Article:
Using biomarker clinical trial design to drive rare respiratory disease results

Simbec-Orion recently helped a biotech sponsor demonstrate the safety and tolerability of a new trial treatment for idiopathic pulmonary fibrosis (IPF). Devising an effective umbrella trial design adapted to the needs of IPF patients, we were able to deliver final CSR results ahead of time.

Our researchers devised and conducted the umbrella study design testing healthy volunteers to rare patient cohorts, investigating the lead molecule, direct target engagement and biomarker effects for IPF in a short space of time.

As a result, the sponsor has been able to report positive results on the safety and tolerability of the new treatment in IPF patients and source further investment into the compound’s development. 

View the full study details in our IPF trial case study report.

Umbrella clinical trial design

An umbrella clinical trial assesses the performance of a new test drug in patients who share the same disease, but with different molecular alternations or biomarkers. Patients are given treatment based on the specific biomarker that stratifies their condition, testing how well the drug works in different individuals. 

In this study, the umbrella trial design evaluated the treatment’s safety and tolerability across healthy volunteers to rare patient cohorts, using biomarkers to monitor the effects in different IPF patients. 

Biomarker clinical trial research

Biomarkers are used across clinical trials for a range of practical uses. From screening patients, monitoring responses to test drugs, classification into subgroups and correlating study results for future reference. 

During this IPF clinical trial, biomarkers were used to assess the pharmacokinetic and pharmacodynamic properties of the study drug. This allowed researchers to determine the treatment’s tolerability in healthy and rare patient groups, as well as identify potential adverse reactions and side effects.

Safety biomarkers were used progressively across participant groups to evaluate:

  • The pharmacokinetics (PK) and pharmacodynamics (PD) of the study drug when administered as a single dose to healthy male subjects
  • The safety and tolerability of multiple doses of the study drug in male and female patients of non-childbearing potential with IPF
  • The pharmacokinetics (PK) and pharmacodynamics (PD) of the study drug when administered in multiple doses to male and female patients of non-childbearing potential with IPF

As an integral part of the study design, biomarkers were key to the success of the clinical trial, allowing the sponsor to demonstrate the drug’s safety profile and dosage requirements. 

Challenges in IPF research

As a rare disease, IPF presents itself in around 13 to 20 people per 100,000 people worldwide. There has been a lack of clinical development in IPF treatment, with an unmet medical need to develop an effective treatment. 

One of the main challenges in rare disease research is that there are strict study inclusion and exclusion criteria regarding who can participate in the trial. This meant that patient recruitment would be difficult for this study.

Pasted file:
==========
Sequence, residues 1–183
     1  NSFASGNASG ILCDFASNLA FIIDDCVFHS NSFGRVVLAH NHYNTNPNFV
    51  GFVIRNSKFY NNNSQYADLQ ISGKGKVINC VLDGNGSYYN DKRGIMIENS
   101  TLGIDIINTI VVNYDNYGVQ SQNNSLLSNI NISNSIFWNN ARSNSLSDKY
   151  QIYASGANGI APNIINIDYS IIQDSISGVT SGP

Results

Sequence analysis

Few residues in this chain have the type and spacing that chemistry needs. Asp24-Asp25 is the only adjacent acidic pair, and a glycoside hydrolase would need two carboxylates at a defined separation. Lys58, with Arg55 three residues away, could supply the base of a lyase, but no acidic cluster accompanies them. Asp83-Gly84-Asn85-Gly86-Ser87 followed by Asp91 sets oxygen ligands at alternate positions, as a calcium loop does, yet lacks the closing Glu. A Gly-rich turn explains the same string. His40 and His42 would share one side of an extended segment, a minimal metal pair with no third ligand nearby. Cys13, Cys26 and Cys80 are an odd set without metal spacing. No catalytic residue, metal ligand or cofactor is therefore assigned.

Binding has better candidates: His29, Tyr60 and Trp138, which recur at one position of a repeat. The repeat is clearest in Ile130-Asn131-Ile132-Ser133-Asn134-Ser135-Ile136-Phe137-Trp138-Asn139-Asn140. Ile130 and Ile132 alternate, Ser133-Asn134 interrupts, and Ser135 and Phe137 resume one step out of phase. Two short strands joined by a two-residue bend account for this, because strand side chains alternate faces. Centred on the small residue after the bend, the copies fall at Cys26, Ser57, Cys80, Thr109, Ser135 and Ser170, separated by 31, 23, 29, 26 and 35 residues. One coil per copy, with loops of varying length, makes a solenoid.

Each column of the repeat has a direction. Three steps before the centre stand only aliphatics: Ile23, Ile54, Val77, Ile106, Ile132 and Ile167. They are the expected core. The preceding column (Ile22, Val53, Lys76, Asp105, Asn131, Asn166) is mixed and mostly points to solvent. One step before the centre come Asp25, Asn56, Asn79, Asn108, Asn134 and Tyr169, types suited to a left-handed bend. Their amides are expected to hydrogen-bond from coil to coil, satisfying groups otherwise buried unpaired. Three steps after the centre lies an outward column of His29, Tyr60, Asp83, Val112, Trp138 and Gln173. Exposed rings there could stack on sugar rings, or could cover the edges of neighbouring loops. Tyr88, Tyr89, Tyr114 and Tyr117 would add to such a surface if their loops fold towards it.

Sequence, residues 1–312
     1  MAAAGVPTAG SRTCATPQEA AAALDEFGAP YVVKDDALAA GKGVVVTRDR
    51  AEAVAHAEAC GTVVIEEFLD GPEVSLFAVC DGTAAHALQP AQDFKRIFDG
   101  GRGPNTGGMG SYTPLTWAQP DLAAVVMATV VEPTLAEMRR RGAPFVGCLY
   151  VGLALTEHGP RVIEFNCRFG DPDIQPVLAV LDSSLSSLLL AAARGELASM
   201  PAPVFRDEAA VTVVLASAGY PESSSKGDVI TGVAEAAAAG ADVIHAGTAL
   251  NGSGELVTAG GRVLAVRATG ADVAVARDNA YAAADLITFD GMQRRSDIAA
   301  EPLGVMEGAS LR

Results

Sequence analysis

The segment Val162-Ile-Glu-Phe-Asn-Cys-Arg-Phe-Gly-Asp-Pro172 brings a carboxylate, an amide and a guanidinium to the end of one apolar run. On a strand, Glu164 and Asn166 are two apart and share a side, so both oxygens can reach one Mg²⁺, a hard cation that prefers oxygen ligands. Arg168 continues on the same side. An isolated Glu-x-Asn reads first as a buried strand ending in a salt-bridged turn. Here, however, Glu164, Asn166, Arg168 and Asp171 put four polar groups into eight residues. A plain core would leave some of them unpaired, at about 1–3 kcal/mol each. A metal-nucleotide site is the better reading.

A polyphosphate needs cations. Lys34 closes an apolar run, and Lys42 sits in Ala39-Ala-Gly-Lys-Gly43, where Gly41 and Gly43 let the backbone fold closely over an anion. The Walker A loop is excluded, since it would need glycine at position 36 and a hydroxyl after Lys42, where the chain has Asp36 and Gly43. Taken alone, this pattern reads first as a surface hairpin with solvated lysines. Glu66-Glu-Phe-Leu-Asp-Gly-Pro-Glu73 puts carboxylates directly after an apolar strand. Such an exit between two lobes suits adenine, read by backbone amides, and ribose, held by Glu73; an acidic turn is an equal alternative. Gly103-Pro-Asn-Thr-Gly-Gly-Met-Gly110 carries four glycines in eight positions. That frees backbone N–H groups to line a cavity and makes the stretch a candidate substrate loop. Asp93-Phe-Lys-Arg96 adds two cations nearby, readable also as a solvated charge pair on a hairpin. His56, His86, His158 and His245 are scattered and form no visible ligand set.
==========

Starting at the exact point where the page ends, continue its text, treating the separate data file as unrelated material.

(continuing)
A number of IPF patients could not be enrolled in the study due to the severity of their condition. As well as having to meet study criteria, patients also had to produce a suitable forced expiratory volume (FEV) value in order to be considered for study participation.

Patients were admitted to the hospital sites on days 1, 7 and 14. Each patient was given the IPF study drug for dosing at home, which presented challenges in monitoring the administration of the drug since this relied heavily on participants. Ensuring that all participants were trained on correct and consistent inhaler use was critical to success. 


With therapeutic expertise in rare disease clinical trials, we are accustomed to adapting trial designs to unique challenges. For this IPF trial, we identified patient enrollment as a key challenge. 

To overcome this, additional sites were identified prior to the research taking place in order to expand the reach and encourage study inclusion. The site and IPF patient identification ran in parallel to the healthy volunteer study in order to facilitate rapid patient enrolment.

To oversee and manage the challenging patient enrollment process, a centralised Simbec-Orion project manager was appointed to streamline communication across several sites. Centralised set up and management of all cohorts ensured agile data management and resolution

The efficient, centralised set-up of the Simbec-Orion project and management teams stripped out much of the delay associated with the increased complexity, and disparate geography of teams, hierarchies, and processes at larger CROs 

Training was provided to participants by the CRA on correct inhaler usage in order to ensure consistent results and dosages throughout the trial in both healthy and patient group populations. 

Trial outcomes

Simbec-Orion was able to deliver results ahead of schedule, providing clinical data on the safety and tolerability of the test IPF treatment. This was achieved through risk identification and mitigation, putting the necessary measures in place to ensure the challenge of patient enrollment did not hinder the progress. 

The risk of slow recruitment was identified early on, and then addressed to deliver the final CSR ahead of time. The research was accelerated by an effective umbrella trial design, allowing the new drug development process to progress faster than through a typical clinical trial design.

The sponsor has been able to report positive results on the safety and tolerability in IPF patients. The sponsor is now in a position to source investment to develop the compound further, or to license the compound.

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